My debut as a cricket fan happened in 1968-69 during the Bombay Test match between Graham Dowling’s New Zealand and Tiger Pataudi’s India. Bedi and Prasanna had spun India to a thrilling win. Cricket was the topic of discussion in the bus, at road side tea shops, and amongst friends in the school. Even some of the teachers joined in the cricket chat. Initially, I wondered how a mere game could take up such a lot of discussion time. Without realising I too happily and willingly became a part of the cricket mania.
When Bill Lawrie’s Australians toured India, my entire family was listening to the radio commentary. The game had finally intruded our home too. Each of us had our cricketing favourite. My mother and I were fans of the stylish left handed Ajit Wadekar, my brother took to the young dashing and diminitive Gundappa Vishvanath who made a century on debut. My father said that his favourite was Ashok Mankad the son of the legendary Vinu Mankad. Cricket became an important part of the Abraham household. Every morning when the newspaper arrived, my mother would read out the sports page first. She would read all the cricket related stories. my brother and I would eagerly listen to the various reports and more often than not the reading session would be followed by a quick postmortam and analysis. .
Friends from the colony joined us as we started playing cricket in the vacant plot next to our house. We began exploring and appreciating the various nuances of the sport. A lot of what we heard on cricket commentaries influenced the way we approached our batting and bowling. The early 1970s saw the emergance of Dennis Lillee and Jeff Thomson as the spearhead of a formidable Australian pace quartet that blew away opposition batting line ups. In the season of 1971-72, the Rest of the World XI which boasted of stalwarts like Garry Sobers, Rohan Kanhai, Tony Greig, Clive Lloyd, Zaheer Abbas and Sunil Gavaskar was blown away by the raw pace of Dennis Lillee for just 58. Lillee taking 8 for 29 in just 7.1 overs. As a young boy just initiated into the game, I was truly fascinated by fast bowling. India had no genuine fast bolwers. I dreamt of becoming a tare away pace bowler like the Ausie duo. I wanted to terrorise the batsman with my pace and bounce. The objective was simply to send the batsman either to the pavilion or the hospital. I guess I could be forgiven for harbouring such violent thoughts. Iwas just a little kid bitten by the cricket bug.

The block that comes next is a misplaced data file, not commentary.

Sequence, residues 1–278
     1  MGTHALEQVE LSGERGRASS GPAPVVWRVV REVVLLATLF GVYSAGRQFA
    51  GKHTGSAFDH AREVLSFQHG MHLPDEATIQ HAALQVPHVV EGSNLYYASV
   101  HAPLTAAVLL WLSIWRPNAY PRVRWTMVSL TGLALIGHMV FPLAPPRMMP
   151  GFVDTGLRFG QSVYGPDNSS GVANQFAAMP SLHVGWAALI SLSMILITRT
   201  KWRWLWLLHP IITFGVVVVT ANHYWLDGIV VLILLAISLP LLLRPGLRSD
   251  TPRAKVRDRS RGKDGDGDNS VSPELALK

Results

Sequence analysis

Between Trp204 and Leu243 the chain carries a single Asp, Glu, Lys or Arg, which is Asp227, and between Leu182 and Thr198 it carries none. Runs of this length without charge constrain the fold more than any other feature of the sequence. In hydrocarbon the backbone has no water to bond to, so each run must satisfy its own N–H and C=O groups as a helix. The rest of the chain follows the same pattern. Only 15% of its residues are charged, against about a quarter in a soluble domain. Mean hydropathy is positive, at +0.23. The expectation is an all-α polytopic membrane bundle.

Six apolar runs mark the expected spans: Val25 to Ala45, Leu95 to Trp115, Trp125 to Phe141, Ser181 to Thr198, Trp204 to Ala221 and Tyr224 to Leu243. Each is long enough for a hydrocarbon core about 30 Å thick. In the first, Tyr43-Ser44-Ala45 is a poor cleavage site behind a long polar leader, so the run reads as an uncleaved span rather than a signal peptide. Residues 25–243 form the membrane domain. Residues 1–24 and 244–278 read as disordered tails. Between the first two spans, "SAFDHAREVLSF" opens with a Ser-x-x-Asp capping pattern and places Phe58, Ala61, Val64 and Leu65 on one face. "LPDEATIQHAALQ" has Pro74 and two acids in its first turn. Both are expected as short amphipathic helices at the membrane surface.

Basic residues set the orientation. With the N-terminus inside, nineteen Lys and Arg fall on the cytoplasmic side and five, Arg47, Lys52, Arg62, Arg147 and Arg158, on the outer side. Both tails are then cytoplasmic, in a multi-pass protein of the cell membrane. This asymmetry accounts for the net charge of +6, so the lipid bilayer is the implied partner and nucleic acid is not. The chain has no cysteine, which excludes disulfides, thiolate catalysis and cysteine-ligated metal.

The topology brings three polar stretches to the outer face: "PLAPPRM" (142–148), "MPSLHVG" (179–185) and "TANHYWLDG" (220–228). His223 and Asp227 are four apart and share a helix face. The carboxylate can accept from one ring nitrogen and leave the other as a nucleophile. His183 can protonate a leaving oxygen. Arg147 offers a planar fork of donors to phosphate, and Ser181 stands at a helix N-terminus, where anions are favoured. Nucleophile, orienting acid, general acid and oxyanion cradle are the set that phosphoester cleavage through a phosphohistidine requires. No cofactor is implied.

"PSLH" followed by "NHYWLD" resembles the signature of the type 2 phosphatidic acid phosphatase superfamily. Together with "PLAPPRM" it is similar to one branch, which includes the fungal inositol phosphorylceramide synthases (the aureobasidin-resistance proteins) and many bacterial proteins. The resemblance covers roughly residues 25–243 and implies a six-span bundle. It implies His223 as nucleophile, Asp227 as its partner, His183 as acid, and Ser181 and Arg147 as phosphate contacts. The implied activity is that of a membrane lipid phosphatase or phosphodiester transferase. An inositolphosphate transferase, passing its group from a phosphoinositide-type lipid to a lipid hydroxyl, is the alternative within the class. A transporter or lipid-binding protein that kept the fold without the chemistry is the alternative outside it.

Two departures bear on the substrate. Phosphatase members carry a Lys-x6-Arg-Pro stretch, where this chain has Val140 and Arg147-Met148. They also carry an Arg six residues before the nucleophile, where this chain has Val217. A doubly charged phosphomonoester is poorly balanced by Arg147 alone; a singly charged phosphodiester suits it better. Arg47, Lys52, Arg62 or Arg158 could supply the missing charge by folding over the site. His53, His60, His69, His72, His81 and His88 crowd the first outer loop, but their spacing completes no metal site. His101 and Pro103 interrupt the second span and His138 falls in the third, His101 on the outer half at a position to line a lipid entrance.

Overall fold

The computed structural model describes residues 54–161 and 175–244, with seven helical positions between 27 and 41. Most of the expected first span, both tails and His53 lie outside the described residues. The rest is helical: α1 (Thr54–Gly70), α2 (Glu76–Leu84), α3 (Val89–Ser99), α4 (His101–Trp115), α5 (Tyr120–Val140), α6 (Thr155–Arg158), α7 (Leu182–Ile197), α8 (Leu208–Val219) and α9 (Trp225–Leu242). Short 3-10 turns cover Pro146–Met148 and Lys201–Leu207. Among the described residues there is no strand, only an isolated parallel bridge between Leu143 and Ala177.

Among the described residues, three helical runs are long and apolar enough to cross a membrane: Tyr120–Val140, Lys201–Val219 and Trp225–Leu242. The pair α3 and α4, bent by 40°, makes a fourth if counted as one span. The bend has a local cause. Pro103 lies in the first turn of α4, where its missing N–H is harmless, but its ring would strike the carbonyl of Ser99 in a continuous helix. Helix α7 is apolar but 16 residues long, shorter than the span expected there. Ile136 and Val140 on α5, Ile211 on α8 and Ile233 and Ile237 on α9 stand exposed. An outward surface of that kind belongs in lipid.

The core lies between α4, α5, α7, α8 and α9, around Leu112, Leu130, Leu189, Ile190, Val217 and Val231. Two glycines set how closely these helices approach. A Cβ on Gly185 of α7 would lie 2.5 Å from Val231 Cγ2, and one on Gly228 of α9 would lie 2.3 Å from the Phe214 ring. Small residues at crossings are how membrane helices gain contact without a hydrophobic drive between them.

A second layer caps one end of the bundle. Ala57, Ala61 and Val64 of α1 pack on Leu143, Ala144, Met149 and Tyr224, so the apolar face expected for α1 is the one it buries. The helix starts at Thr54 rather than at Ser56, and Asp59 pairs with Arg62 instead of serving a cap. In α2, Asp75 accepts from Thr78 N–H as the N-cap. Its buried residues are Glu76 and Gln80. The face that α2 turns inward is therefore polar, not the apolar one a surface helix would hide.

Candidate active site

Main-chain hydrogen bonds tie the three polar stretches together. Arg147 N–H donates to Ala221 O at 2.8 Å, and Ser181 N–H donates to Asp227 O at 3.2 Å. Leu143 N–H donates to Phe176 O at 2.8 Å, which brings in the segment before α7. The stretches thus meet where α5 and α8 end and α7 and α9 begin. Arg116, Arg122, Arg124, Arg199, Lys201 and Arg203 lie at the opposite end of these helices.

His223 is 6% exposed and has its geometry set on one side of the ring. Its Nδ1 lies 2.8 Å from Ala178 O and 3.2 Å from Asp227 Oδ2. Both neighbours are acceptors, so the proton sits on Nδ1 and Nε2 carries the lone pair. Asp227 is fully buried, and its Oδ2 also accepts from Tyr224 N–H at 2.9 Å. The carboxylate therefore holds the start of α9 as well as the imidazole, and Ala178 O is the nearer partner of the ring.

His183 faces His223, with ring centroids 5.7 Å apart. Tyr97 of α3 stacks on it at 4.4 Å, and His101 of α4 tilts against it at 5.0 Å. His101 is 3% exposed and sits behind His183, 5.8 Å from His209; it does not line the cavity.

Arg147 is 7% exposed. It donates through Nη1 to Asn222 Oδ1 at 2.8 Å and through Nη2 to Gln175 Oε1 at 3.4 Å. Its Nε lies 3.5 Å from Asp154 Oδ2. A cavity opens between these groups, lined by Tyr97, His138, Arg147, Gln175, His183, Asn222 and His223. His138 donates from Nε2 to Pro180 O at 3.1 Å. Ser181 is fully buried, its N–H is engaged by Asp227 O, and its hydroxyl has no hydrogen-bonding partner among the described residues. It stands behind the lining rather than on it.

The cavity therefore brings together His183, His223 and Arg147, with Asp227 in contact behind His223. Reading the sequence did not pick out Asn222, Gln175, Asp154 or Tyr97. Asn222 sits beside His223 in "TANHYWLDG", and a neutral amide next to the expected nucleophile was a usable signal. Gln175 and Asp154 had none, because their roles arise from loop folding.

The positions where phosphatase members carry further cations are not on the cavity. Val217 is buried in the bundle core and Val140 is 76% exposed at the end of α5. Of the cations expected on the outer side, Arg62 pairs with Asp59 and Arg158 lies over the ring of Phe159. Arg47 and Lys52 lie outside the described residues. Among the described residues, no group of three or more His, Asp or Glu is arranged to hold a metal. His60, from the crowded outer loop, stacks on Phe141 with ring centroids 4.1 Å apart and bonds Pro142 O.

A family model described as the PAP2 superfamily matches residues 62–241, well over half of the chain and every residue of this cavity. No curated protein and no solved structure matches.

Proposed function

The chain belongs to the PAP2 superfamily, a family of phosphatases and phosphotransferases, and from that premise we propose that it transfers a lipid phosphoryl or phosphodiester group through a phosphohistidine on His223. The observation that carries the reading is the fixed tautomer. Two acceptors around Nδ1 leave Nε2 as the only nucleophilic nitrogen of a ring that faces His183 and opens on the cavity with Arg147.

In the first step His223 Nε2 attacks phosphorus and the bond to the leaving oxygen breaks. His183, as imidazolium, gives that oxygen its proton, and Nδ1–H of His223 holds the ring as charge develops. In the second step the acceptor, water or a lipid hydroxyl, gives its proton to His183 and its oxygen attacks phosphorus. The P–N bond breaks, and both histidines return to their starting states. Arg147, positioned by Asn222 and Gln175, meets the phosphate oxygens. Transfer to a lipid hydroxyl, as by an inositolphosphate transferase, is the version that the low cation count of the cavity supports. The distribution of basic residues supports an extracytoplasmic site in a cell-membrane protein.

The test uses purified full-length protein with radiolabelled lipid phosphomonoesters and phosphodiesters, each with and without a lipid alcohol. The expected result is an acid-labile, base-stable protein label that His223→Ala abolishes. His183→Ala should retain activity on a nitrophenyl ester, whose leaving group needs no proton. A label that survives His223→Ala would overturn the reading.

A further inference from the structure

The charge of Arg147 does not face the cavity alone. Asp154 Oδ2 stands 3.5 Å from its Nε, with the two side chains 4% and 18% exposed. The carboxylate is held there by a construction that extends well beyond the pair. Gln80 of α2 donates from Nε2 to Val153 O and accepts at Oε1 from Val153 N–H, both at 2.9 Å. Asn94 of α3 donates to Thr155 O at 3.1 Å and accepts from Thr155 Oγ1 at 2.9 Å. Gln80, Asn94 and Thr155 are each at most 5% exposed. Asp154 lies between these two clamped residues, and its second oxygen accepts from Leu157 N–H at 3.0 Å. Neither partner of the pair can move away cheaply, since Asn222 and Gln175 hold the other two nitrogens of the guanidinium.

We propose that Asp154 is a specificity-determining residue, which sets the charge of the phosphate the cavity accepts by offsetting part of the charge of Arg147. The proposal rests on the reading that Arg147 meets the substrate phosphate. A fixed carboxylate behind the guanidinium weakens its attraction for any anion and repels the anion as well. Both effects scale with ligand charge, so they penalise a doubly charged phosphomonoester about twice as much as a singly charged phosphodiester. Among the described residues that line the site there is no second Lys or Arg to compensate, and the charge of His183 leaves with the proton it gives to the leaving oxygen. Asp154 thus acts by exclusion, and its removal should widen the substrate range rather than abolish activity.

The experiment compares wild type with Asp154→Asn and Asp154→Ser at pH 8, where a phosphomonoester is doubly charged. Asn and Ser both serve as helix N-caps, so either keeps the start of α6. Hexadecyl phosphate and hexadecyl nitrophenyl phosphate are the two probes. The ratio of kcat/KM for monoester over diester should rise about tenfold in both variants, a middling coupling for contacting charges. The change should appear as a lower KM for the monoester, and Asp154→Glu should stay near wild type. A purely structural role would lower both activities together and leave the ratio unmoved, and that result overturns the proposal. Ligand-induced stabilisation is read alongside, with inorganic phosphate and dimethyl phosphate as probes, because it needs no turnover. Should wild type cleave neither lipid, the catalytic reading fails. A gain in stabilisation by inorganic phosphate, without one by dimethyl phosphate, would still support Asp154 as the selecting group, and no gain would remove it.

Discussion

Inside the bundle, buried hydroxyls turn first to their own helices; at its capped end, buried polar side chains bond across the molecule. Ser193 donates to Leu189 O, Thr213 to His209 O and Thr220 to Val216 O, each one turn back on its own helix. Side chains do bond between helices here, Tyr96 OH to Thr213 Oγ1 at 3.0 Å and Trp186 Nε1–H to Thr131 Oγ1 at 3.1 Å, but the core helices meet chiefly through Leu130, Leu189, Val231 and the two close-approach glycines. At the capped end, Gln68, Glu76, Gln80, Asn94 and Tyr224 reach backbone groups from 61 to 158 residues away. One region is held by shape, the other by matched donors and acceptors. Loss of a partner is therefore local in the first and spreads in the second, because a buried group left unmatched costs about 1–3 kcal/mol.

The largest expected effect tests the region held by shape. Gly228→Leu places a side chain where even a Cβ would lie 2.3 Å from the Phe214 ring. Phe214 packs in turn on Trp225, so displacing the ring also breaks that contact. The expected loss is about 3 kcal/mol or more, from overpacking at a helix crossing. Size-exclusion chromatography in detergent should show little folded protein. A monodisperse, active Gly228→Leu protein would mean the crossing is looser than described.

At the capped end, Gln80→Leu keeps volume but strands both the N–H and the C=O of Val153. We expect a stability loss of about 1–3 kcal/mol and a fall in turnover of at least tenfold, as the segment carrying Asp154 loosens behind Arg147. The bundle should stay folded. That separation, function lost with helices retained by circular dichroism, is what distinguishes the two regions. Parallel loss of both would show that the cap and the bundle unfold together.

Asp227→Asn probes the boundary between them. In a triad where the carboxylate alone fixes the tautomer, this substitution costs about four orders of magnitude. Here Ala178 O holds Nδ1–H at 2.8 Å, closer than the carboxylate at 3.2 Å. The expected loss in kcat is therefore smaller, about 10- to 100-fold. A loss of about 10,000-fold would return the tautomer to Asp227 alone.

Of course, to my intense disappointment I had to stop playing cricket after a point given my vision impairment. The game was getting dangerous. However my passion for the game never diminished. I continued to follow and enjoy the sport. I firmly believe God was behind the Dehradun trip. In cricket for the blind he had revealed His plans for me. He was beckoning to the fast bowler in me asking me to get back to the top of my run up. He was giving me an opportunity to make my contribution to cricket on my terms.
God will make a way
Where there seems to be no way
He works in ways we cannot see
He will make a way for me
He will be my guide
Hold me closely to His side
With love and strength for each new day
He will make a way
God will make a way